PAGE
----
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Apples to Apples Party Box Board Games Review

21/09/2011 Family Board Gamer Review
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Apples to Apples Party Box Board Game

Apples to Apples Party Box

Board Game



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Apples to Apples is a word matching game that encourages invention as much as accuracy. It's a lot of fun and surprisingly engaging.

Apples to Apples should probably be described as a party game but for us it fits into a family-time slot as good as any board or card game. If anything, it's even more flexible because the goal -- say, first to win five rounds -- can be tailored to fit our mood and this game tends towards the "Just one more round, oh pleeeease!"

The game consists of two kinds of card. The referee reads out the green apple (a description) card for the round, for example Messy and, just to be sure, also reads the brief definition provided. All other players then lay a red apple (a thing) card, for example My Bedroom or Spaghetti, face down, in the hope of it being picked as the best fit in the opinion of the referee. The played cards are mixed up and passed to the referee, who reads them out loud for the enjoyment of all players before choosing the winner for the round.

Now, I am aware there are rules about rotating the referee role, discounting the last red apple played, hand size, among others. But we have largely dispensed with the official rules in favour of various house rules that makes the game fun for us. And boy, do we have a lot of fun with it.

Last-born Iona is always the referee, a role in which she thrives. Her decision is final and she almost always makes the most sensible, logical choice, though it's known she can be swayed by cards pertaining to rabbits, chocolate and the like.

Dad may consider Car Horns to be Important but can't compete against New Shoes in the eyes of a seven-year-old looking forward to going back to of school. Sometimes her job is a tough one: who can say which the most Tame between Rainbows and Telling the Truth?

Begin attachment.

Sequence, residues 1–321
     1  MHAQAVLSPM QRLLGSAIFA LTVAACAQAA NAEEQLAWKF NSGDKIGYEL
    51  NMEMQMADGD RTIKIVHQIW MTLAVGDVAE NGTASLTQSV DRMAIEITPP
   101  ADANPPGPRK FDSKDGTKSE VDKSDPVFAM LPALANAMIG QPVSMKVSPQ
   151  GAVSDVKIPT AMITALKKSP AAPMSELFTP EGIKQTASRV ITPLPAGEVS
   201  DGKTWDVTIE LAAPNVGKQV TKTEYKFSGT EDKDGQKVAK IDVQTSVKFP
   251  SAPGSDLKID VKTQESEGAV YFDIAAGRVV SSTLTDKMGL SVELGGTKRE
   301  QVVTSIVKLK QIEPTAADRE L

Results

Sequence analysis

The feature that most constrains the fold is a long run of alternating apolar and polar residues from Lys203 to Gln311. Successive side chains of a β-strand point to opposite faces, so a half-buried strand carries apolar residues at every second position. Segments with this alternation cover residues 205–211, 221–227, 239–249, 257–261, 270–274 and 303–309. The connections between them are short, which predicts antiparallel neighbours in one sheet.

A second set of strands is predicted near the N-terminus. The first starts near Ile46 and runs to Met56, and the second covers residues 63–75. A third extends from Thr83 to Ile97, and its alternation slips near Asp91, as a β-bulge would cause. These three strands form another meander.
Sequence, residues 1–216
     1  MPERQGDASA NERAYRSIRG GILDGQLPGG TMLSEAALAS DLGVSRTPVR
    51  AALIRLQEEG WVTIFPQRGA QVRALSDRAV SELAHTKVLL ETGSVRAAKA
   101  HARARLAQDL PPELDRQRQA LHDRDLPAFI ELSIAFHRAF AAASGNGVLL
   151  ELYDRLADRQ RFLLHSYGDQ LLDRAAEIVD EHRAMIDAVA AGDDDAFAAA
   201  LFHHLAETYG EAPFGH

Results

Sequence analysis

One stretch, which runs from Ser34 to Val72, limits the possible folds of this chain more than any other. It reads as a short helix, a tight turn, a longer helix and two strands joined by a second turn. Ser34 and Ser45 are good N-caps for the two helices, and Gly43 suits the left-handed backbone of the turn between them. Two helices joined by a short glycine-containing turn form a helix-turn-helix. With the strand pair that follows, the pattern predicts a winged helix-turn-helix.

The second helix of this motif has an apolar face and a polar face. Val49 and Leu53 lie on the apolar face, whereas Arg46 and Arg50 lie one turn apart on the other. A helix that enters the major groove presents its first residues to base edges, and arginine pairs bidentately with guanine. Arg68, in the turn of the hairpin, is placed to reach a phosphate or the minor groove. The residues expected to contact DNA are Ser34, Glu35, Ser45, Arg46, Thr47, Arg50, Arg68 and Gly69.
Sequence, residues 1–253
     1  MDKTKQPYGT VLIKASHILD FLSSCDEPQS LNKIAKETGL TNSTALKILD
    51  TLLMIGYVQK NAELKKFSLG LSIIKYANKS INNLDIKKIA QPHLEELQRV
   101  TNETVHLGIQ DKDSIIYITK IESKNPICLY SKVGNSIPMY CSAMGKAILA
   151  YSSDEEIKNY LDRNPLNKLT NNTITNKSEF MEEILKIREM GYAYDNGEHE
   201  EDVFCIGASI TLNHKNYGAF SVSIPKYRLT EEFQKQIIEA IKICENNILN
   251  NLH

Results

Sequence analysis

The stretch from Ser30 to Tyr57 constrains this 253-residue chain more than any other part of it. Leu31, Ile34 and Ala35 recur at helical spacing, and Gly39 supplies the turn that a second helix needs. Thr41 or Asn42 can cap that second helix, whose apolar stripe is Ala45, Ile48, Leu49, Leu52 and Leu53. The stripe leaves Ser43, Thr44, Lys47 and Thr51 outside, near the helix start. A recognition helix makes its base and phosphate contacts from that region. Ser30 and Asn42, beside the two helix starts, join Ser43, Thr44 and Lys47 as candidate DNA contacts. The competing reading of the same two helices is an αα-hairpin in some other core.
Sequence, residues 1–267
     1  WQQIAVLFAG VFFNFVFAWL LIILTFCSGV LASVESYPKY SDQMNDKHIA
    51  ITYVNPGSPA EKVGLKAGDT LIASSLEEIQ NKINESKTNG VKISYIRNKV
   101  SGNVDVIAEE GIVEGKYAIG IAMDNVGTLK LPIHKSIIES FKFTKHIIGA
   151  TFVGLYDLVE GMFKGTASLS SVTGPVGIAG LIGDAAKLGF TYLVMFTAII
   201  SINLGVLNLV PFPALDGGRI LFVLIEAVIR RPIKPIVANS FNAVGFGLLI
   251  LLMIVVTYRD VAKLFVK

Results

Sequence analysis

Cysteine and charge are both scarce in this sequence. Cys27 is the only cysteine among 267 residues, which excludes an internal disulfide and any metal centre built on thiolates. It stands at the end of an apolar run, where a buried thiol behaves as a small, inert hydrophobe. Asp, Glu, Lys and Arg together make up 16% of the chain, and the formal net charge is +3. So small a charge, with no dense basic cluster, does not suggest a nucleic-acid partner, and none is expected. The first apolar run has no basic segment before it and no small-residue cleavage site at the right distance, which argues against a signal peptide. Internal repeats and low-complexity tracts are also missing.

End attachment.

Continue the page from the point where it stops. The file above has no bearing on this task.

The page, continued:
The game gets really interesting when there are three cards that are strong contenders.

The game gets really interesting when there are two, maybe three, cards that are unquestionably strong contenders. Iona is rarely swayed by lobbying and good humoured trash talk but that doesn't stop us from trying.

All players (other than the referee) hold five red apples cards at a time, primarily because even with a plastic card holder ten-year-old Aurora struggles to manage more. Players are free to exchange any card they think not everyone will understand or appreciate. Everyone plays one card in their own time then picks up a new card ready for each new round.

Quite a lot of the fun is in reading/hearing the card combinations that don't win because they are just a little too ridiculous. Clearly Ear Wax is not normally considered to be Talented but this time it was the best I had (just my luck, the next rounds is Natural and I wish I'd held onto it).

Often, to everyone's surprise, such implausible pairings can be uncontended winning combinations. Who would have thought Bongos was the most Comfortable thing? Only in a game of Apples to Apples, perhaps.

I thought my Buying a House was a contender for Scary until I saw Aurora's Flying Monkeys.

In our games you are more likely to hear, "Fair play, the best card won." than "I was robbed!" I thought my Buying a House was a contender for Scary until I saw Aurora's Flying Monkeys. And no one can feel aggrieved for long because in Apples to Apples the rounds come thick and fast.

Choosing an absurd answer for surreal comedic effect is a tactic sometimes employed by grownups but thankful is rarely successful. Used occasionally, it keeps the game fun but can quickly turn random play into a valid strategy, which kills the fun. For us, the carefully considered approach of our kid-friendly version retains the fun elements the fun without letting the rounds drag on.

We've played our Junior UK edition of the game to the point where some of the best cards have become stale. The My Bedroom card is now very powerful and practically invincible for descriptions such as Disgusting. So we acquired the Party Box Edition, which contains over 1000 cards. Even after filtering out all the US-centric cards and those the kids wouldn't understand (and admittedly some censorship relating to inappropriate foodstuff), we are left with literally hundreds of cards to play with.

The My Bedroom card is now very powerful and practically invincible for descriptions such as Disgusting.

All you need to play Apples to Apples are the cards, scoring being tracked by awarding the green apple description card to the winner of the round. This means games don't need to be played at the table. We recently enjoyed playing Apples to Apples outdoors on picnic rugs at a National Trust beauty spot, with Aurora running around collecting plays and replenishing cards among the seven family members present.

With its near-zero set up time. Apples to Apples has become our go to game when we want 10 or 20 (or 30 or...) minutes of game playing fun.

Written by Ed Stephens

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Ed Stephens writes the Board Gamer column.

"In a world of ever advancing technology, where gaming is often synonymous with consoles, I'm here to take a different approach and look at board games."

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